Banks Island hits commercial production at Yellow Giant

Dawn  at Banks Island Gold's Yellow Giant gold-silver project in northwestern British Columbia. Credit: Banks Island GoldDawn at Banks Island Gold's Yellow Giant gold-silver project in northwestern British Columbia. Credit: Banks Island Gold

Banks Island Gold’s (TSXV: BOZ) Yellow Giant gold-silver project is the latest mine to achieve commercial production in northwestern B.C.

The mine is part of the 160 sq. km Yellow Giant property on Banks Island, 110 km south of Prince Rupert in the Skeena mining division. The underground mine reached commercial production on Jan. 1, 2015, almost a year after it started operating.

Getting to this milestone hasn’t been easy. Banks Island faced escalating costs, unexpected mining dilution and working capital shortages. 

While the junior modified its operations and scaled back its mine development to lower mining dilution and preserve working capital, it still needs more funds to meet its operational goals.  

During 2014, the mine ran for 277 days. The company stopped production from mid-June to early August to add grinding and flotation circuits to its dense media separation (DMS) plant. It also had 24 days of limited or no production in November and December due to low working capital and poor weather.

Over the 277 operating days, the company estimates that it mined and processed 59,000 tonnes of run-of-mine feed at a diluted grade of 7.7 grams gold per tonne to generate 14,529 contained oz. gold. Total sales were 11,533 equivalent oz. gold, averaging 42 equivalent oz. gold a day.

Given the unexpected setbacks, the company relaxed the requirements it made last October to determine commercial production at the mine. Originally, it required a consistent mill throughput of 200 tonnes per day, 90% gold recovery and average gold production of 77 equivalent oz. gold per day.

While Yellow Giant largely met the first two requirements, it fell short on production because of the higher-than-expected mining dilution. Considering the mine produced salable product for 277 days amid the setbacks, the junior’s board decided the current production level is sufficient for commercial production.

The company experienced dilution of 255% last year, up from the estimated 40% in a 2013 preliminary economic assessment (PEA). (The company has not completed a feasibility study on the project.) The dilution resulted from caving at the old workings in the Bob zone, which blocked direct access to the mineralization and required a change in mining technique.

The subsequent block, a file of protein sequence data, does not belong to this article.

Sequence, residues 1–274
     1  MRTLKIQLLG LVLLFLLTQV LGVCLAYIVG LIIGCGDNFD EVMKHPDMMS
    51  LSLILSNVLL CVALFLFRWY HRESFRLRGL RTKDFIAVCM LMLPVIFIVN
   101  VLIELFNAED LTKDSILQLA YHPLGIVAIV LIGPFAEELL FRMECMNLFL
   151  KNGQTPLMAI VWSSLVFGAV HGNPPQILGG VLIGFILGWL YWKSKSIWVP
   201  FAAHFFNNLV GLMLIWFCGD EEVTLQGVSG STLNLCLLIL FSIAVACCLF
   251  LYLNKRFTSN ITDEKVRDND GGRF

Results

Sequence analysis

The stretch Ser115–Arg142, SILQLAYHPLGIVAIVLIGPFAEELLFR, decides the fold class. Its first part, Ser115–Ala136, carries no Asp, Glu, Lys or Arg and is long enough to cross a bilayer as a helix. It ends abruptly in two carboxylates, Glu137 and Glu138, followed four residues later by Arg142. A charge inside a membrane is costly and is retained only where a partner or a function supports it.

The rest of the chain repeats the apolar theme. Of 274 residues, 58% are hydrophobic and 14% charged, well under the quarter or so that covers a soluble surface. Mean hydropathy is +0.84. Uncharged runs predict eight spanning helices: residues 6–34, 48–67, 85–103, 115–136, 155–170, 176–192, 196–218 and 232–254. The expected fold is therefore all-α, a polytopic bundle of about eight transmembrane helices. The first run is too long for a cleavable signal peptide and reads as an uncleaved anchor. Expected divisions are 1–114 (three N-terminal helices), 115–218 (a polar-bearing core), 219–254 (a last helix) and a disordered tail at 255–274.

At the Tel zone, the junior did not have smaller underground equipment it needed to mine within the ore zone. It used larger equipment leading to higher dilution at this zone. 

Both incidents pushed the average mined grade to 7.7 grams gold versus a planned average mine grade of 15.8 grams gold.

The PEA also didn’t consider the cost of adding grinding and flotation circuits to the process plant to achieve the planned gold recoveries and sales, leading to an increase in costs.

Banks Island explains that its working capital took a hit due to the extended commissioning period for the plant. On Aug. 31, it reported a working capital deficiency of $8.3 million. While the current deficiency has not been made public, the company says it would need more funds to increase production and achieve its goals.

So far, to counter the mining dilution, the firm has boosted the capacity of pre-concentration through the DMS plant over the past several months. This has increased average throughput for the four months ended Dec. 31 to 282 tonnes per day.

Once it has more funds, the junior plans to boost its inventory of parts and supplies to ensure continuous production and to buy a second fleet of smaller underground mobile equipment to increase production and further reduce dilution.

Banks Island shares closed Jan. 9 flat at 17¢, within a 52-week range of 13.5¢ to 68¢.


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